From the Russia perspective a desirable outcome of the mission would be to confirm that the station was doing just fine under the “new conditions”. Some attempts were made to disrupt the mission – on that day, shelling began on the line of movement of the mission. The station was shelled – one unit was scrammed, one unit remained in operation, and the 330 kV line was damaged. Early in the morning, terrible shelling of the city began again – in the same district that had been hit three days previously.

By noon, when it became clear that Grossi’s team would persist and not give up the goal of getting to the station, the shelling stopped. This required a ceasefire guarantee from the Russian military at the highest level. The mission stayed at the station for about three hours. The Russians showed the territory and even the turbine halls with their military vehicles, supposedly intended for chemical protection. Grossi issued a statement saying “we managed to collect a lot of important information.” Later, the IAEA issued a report in which it demanded the creation of a security zone around the territory of Zaporizhzhia NPP. Grossi has started negotiations to reach this goal but it is clear that such negotiations can take years.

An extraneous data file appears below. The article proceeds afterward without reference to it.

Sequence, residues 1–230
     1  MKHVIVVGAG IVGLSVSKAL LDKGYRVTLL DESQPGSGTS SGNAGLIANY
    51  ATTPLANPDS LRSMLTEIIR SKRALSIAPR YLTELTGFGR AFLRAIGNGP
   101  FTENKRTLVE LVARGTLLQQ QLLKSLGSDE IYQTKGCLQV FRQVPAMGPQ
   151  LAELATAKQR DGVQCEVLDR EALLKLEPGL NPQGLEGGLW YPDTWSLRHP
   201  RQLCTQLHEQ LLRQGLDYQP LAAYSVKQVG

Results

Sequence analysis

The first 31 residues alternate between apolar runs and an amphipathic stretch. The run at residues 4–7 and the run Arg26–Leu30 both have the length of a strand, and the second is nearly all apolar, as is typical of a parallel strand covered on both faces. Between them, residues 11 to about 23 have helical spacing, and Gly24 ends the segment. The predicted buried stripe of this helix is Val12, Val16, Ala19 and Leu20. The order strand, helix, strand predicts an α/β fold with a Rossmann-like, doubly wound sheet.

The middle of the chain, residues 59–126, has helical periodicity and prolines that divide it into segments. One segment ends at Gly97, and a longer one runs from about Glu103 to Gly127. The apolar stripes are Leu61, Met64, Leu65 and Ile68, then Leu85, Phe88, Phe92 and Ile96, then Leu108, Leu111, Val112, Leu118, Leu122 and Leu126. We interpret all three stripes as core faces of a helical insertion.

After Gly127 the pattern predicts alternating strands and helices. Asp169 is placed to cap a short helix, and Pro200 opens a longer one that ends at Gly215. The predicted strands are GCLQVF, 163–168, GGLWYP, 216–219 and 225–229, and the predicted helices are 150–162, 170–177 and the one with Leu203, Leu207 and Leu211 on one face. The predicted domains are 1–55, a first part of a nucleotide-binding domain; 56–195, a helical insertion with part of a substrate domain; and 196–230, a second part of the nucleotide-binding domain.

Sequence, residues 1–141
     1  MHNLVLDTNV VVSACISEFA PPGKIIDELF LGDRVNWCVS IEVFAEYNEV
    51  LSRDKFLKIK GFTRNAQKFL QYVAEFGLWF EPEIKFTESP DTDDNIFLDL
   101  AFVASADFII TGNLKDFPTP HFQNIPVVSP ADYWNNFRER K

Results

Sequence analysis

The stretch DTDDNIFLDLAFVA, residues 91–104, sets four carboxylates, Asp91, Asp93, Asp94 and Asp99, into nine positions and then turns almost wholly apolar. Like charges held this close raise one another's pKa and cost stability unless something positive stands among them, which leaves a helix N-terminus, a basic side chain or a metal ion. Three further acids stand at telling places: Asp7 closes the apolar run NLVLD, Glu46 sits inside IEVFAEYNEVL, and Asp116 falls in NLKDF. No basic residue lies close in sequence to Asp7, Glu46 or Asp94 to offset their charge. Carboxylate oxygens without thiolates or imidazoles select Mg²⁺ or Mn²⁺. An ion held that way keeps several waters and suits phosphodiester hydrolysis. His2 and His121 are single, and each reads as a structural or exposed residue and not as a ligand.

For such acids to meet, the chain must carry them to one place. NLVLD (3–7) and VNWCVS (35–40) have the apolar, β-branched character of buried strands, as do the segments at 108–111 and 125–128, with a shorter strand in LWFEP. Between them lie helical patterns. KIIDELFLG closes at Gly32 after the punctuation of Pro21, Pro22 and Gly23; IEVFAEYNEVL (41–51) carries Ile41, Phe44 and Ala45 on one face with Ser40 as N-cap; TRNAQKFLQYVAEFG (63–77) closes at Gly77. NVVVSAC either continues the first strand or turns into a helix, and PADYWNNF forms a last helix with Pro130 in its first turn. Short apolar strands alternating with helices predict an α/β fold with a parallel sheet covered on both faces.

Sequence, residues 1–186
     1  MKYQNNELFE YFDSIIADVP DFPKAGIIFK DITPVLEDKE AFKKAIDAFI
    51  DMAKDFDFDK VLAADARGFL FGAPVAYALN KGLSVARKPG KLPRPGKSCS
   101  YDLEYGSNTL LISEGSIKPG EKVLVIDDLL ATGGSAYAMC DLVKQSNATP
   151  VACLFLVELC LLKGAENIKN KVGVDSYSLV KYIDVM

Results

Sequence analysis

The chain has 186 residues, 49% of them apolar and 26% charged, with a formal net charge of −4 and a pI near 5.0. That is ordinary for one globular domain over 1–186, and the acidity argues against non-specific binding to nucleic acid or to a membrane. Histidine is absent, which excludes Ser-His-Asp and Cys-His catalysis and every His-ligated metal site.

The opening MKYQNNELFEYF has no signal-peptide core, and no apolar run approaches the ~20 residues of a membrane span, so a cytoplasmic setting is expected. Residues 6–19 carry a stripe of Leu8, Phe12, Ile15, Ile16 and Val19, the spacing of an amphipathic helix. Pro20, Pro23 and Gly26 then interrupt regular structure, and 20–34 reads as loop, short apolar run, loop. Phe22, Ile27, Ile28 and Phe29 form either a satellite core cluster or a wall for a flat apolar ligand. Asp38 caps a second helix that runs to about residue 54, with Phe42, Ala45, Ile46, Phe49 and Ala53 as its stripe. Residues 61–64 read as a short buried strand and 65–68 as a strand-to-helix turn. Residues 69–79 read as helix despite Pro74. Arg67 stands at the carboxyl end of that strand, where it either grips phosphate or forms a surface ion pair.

Reactor operators are under incredible strain, while artillery shells fall on the reactor site and the operating unit has been scrammed, the city is also being shelled. Where the operator’s home and family sleep bombs explode and windows fly out. There are many such stories and many citizens have not survived this horror. Following this pounding a new wave of a mass exodus from the city began. After all, what happened twice will definitely happen the third time. And if today a shell hit a neighbouring house then tomorrow it could hit yours. For the citizens of Energodar, this IAEA mission will always be associated with the terrible shelling of the city.

Disconnection of the station and complete blackout